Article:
A Dallas businessman is hoping a new way to track honey bees will help boost the insect's dwindling population.
At the end of the day, when everyone takes the elevator down, Oren Salomon dresses in a beekeeper suit and takes the elevator up with his co-worker Geoffrey Byers.
"There's not many people who are willing to carry a 50-pound box of bees up a sketchy ladder to put them on the roof, so he's earned his keep," Salomon said.
Walking along a tight rope of a roof line 18 floors above the street, News 8 joined the men to check on their bees four weeks ago.
"The wind is really affecting our process here," Salomon said at the time. "The hives are dying 30 to 50 percent each year."
Hives are dying, and never has that hit home for Oren more than today.
"Are they all gone? Our bees are gone."
The men were stunned.
"Well this is tragic. We have a bad story here."
Salomon wants to develop a way to track what happens in a hive. His passion is to save the honey bee. Turns out the technology Salomon is developing would actually have seen the problem four weeks ago coming.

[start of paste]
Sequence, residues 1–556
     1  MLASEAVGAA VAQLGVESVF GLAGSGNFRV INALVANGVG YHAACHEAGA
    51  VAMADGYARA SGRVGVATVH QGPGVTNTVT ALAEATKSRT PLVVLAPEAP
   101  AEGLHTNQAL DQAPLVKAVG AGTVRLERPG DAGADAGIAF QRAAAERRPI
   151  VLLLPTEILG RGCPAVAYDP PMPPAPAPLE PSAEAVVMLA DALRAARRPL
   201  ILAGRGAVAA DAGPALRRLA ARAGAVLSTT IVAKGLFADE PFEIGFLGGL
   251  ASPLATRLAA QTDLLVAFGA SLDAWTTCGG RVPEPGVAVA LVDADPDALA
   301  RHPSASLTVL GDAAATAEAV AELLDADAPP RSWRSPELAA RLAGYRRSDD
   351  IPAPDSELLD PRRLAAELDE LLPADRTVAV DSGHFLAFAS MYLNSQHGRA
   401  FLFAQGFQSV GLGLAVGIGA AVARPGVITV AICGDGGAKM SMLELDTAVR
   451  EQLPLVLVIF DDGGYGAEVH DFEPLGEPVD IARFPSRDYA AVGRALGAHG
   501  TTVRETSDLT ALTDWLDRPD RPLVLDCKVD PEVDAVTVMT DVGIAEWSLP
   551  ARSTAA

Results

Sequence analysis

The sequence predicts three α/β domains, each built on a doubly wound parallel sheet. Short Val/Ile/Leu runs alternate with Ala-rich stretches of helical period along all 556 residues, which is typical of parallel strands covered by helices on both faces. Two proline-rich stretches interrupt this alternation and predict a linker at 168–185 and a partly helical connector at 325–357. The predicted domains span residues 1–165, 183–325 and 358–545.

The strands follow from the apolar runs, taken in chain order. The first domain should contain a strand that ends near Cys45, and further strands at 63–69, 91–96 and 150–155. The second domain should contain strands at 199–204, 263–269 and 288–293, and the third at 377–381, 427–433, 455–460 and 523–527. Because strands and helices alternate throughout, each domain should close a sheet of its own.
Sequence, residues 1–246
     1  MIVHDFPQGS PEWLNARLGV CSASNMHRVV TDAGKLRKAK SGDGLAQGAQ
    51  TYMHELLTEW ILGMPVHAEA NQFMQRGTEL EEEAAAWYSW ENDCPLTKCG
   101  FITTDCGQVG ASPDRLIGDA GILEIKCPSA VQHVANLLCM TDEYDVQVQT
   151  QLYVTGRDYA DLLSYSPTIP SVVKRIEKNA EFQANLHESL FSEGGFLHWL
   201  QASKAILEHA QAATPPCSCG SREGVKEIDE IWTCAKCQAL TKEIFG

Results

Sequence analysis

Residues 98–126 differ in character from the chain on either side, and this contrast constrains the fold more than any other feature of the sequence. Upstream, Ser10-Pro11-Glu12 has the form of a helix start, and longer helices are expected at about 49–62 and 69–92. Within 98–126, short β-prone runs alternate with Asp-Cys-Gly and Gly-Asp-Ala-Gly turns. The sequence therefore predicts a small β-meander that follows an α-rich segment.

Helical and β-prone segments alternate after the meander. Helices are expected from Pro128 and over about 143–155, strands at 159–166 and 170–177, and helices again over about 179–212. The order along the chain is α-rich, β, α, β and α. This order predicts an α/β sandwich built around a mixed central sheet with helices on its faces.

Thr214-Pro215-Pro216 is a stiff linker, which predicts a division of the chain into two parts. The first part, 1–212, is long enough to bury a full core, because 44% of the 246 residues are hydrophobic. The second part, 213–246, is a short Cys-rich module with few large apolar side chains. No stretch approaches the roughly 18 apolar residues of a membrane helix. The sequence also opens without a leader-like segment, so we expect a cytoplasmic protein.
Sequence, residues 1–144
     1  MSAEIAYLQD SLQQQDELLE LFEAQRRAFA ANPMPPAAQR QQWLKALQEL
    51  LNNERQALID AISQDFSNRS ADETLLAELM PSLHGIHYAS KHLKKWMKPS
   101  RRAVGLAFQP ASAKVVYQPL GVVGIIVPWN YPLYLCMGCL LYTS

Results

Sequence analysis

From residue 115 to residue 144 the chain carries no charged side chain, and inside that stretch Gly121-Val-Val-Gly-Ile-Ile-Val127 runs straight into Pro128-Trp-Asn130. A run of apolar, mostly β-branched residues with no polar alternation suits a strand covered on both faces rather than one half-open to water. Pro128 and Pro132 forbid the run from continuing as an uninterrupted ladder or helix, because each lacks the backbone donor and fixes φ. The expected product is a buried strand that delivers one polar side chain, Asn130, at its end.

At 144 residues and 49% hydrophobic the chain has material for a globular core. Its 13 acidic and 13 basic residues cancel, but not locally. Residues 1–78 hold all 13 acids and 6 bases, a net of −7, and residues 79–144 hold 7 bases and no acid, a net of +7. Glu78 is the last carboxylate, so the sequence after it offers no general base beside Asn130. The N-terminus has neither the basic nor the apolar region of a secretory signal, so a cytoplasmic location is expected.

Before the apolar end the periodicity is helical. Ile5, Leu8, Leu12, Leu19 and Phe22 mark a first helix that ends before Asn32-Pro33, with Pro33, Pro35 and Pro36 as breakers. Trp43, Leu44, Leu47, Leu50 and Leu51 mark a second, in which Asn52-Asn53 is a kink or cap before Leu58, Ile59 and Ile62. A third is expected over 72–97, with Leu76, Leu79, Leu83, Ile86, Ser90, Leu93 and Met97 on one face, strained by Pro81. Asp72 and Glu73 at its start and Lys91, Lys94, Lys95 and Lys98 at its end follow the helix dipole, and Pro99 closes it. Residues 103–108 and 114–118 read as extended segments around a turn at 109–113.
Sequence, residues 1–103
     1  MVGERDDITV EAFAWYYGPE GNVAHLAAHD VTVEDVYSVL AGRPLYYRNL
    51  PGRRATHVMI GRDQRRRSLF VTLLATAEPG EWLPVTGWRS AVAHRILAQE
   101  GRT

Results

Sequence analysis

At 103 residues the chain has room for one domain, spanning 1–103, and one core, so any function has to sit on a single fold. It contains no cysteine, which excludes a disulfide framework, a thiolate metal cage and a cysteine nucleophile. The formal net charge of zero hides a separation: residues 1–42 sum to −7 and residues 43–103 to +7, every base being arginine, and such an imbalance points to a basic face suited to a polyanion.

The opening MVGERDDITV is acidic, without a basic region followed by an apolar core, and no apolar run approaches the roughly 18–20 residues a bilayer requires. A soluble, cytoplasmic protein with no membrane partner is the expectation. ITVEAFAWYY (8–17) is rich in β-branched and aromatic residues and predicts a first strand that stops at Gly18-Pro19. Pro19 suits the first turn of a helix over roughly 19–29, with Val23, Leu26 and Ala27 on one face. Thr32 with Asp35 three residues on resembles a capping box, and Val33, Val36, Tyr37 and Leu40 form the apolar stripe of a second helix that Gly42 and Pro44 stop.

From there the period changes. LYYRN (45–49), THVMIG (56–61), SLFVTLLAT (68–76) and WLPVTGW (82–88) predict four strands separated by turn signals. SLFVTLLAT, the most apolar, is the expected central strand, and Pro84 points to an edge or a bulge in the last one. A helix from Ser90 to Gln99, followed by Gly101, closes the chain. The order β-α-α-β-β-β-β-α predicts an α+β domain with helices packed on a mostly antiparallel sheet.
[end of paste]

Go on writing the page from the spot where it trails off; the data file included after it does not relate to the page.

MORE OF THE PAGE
"The job of the beekeepers in basically make sure nothing goes wrong and that their environment is hospitable to them."
The new tracking technology is called Project Pollinate. Oren has already installed his hive tracker.
"We're creating sensors that allow us to passively observe what's happening in the hive instead of actively disturbing the bees to find out for ourselves," he says.
The first-ever computer readings he's recorded assures him that his hive is thriving.
"Each of these is a bee sized gate, like that one that just went in, only one can get in at a time and basically there's a light sensor here in the front and one a little further in."
It's literally tracking a beehive of activity.
Even though there are 40,000 bees in this hive, Oren feels an attachment to each one.
"Bees are doing great. We've checked up on the equipment, the equipment is doing good," he says.
It takes the sting out of tiptoeing around rooftops and having to wear a suit to work.
Go here for more information on how to help the honey bee population.